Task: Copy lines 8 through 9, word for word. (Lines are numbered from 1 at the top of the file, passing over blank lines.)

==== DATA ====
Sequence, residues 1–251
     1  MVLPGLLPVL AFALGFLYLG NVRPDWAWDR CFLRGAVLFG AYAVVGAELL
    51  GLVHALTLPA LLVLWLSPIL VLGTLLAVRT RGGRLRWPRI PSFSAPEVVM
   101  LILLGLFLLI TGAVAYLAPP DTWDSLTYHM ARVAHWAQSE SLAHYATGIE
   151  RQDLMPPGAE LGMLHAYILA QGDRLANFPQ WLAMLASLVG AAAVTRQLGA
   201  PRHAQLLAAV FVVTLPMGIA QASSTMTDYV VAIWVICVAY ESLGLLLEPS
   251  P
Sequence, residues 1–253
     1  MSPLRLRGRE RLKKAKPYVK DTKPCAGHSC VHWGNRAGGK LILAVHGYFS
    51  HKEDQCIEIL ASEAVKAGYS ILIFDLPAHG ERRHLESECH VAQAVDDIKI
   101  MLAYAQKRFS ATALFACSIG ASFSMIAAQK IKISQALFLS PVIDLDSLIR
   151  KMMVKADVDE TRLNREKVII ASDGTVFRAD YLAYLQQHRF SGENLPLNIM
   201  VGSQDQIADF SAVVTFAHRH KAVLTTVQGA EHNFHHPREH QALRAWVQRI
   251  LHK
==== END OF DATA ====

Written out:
Sequence, residues 1–253
     1  MSPLRLRGRE RLKKAKPYVK DTKPCAGHSC VHWGNRAGGK LILAVHGYFS